Sep 20, 2017, 10:51:43 AM CDT Jan 16, 2020, 2:54:32 PM CST

Can kids get kidney stones?

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Most people think of kidney stones as an adults-only condition, but you can get kidney stones at any age.

A kidney stone is a pebbly substance that forms in a child’s kidney if the urine mineral level is too high. Kidney stones in kids must be treated by a health care professional.

Craig Andrew Peters, M.D., Division Director of Pediatric Urology at Children’s Health℠ and Professor at UT Southwestern, says a family history of kidney stones increases the chance of developing them. “Kidney stones are not uncommon and affect one in 10 people,” Dr. Peters says. “When materials build up and don’t dissolve in the urine, solid crystals, that form stones, can develop. Kidney stones contain minerals like calcium.”

Signs of kidney stones in a child

Small kidney stones in a child can pass through the urinary tract without causing any symptoms. If your child has larger kidney stones he or she may experience: 

  • Sharp pain in the back, side, lower abdomen or groin
  • Blood in urine
  • Frequent urge to urinate
  • Pain while urinating
  • Cloudy or bad-smelling urine
  • Nausea and vomiting
  • Fever and chills
  • Irritability

Does your child have a kidney stone?

If you think your child has a kidney stone, consult a health care professional. Your pediatrician or pediatric urologist evaluates your child’s kidney stone symptoms and medical history, conducts a physical exam, and orders tests to diagnose a childhood kidney stone and find out what may have caused it.

“Imaging tests tell us the size, location and amount of stones your child has,” says Dr. Peters. “An abdominal X-ray can pinpoint a stone in the kidneys or ureters. A renal bladder ultrasound (RBUS) helps us find a stone and signs of blockage. If these tests don’t tell us the information we need, we can perform an abdominal/pelvic CT scan.”

Kidney stone treatment for your child

Stones may pass if your child drinks extra fluids. Medical Expulsive Therapy (MET) is a technique in which your physician prescribes a medicine like Tamsulosin to increase the chances of passing a stone. If your child is in a lot of pain or if the stone is large, it may have to be removed or broken up into smaller pieces. Surgery for pediatric kidney stones is necessary when:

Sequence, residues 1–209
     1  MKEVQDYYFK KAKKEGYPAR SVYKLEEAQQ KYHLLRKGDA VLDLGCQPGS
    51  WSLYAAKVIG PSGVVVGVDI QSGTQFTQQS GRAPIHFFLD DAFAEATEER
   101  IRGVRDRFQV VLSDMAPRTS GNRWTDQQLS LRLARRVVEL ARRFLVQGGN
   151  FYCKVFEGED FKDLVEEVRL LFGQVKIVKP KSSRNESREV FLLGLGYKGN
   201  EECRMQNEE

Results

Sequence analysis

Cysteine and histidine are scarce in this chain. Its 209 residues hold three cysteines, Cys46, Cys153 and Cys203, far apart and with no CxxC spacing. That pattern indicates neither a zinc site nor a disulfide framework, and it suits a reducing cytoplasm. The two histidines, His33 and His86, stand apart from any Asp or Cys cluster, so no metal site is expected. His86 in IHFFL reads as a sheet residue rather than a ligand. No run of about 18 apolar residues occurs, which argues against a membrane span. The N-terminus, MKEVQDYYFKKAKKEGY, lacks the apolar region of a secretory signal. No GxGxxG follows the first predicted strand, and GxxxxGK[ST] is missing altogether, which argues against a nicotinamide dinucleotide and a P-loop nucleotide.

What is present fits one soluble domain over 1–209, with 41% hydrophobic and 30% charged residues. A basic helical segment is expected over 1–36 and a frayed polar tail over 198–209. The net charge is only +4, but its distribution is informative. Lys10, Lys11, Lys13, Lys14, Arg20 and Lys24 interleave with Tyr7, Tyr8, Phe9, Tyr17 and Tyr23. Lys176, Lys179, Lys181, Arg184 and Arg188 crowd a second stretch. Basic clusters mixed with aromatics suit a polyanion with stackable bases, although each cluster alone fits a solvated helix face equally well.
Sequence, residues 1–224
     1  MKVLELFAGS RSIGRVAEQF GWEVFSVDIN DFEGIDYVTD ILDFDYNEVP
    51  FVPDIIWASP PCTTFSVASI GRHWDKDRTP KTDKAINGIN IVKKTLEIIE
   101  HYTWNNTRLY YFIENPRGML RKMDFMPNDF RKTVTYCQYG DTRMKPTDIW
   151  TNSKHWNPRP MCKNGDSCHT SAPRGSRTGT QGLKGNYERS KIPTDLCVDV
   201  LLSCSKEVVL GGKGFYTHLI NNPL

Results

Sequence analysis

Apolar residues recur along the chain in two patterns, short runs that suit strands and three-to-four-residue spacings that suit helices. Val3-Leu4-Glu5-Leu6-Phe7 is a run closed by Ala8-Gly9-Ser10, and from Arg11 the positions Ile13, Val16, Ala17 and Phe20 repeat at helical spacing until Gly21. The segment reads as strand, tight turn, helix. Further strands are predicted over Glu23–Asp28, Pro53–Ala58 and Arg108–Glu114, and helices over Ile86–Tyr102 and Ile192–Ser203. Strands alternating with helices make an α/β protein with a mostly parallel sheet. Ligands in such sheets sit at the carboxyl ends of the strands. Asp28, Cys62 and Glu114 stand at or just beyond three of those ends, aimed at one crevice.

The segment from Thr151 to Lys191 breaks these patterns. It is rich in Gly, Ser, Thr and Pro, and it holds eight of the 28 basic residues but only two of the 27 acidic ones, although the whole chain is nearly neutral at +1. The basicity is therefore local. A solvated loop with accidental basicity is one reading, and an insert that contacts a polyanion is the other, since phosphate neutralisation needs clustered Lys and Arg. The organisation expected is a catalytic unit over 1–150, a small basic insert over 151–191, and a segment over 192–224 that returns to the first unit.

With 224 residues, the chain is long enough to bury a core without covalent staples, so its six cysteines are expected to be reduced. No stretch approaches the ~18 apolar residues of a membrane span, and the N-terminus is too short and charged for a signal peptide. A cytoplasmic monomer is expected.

• The kidney stone doesn’t pass within 15 days, a fever develops or there is constant pain
  • The kidney stone is too large to pass naturally
  • Urine flow is blocked
  • There is an ongoing urinary tract infection
  • There is constant bleeding or kidney damage
  • A follow-up X-ray reveals the child’s kidney stone has become larger 

Procedures to break up childhood kidney stones include:

  • Extracorporeal Lithotripsy. This procedure takes place in an outpatient setting and uses an instrument to break the child’s kidney stone into small bits that can pass naturally. This procedure does not involve inserting any instruments into the body, but depends on focusing a shock wave at the stone.
  • Percutaneous nephrostolithotomy (PCNL). This procedure uses a needle inserted through the skin into the kidney, and special surgical instruments to remove kidney stones in children. Hospitalization is required and recovery is generally within two weeks.
  • Ureteroscopy. In this procedure, a fiberoptic telescope (ureteroscope) passes through the urethra and bladder to the child’s kidney stone. It removes or breaks up kidney stones using a laser. It is performed in an outpatient setting.

“At Children's Health Comprehensive Stone Center, treatment options for pediatric kidney stones include advanced procedures such as robotic-assisted surgery (laparoscopy) and minimally-invasive techniques (MIS) to speed your child’s recovery,” says Dr. Peters.

Why do kids get kidney stones? Risks and prevention

In addition to your family’s medical history, risk factors for kidney stones in kids include:

  • Dehydration. If your child doesn’t drink enough during the day, there is less fluid available to dissolve any crystals in the urine. This is particularly important in warm-weather areas like Texas. See tips to stay hydrated here.
  • Diet. Too much animal protein, salt or oxalates (found in leafy greens, tea, nuts like almonds, cashews and peanuts, or chocolate) can cause mineral imbalances that increase the chances for pediatric kidney stones to form.

“It may sound surprising but, yes, too much spinach can be too much of a good thing,” says Dr. Peters.

Can childhood kidney stones be prevented?

To prevent kidney stones in kids, focus on proper hydration and a well-balanced diet. You can help reduce your child’s risk of developing kidney stones with simple dietary changes, including: 

  • Drinking more water
  • Decreasing salt intake
  • Drinking beverages with naturally occurring citric acid
  • Avoiding foods rich in oxalates

See more information about preventing kidney stones in children.

Learn more about kidney stones in children

The highly experienced pediatric nephrologists and urologists at the Comprehensive Stone Center at Children's Health can help your child if he or she develops kidney stones. Contact us today to schedule an appointment.

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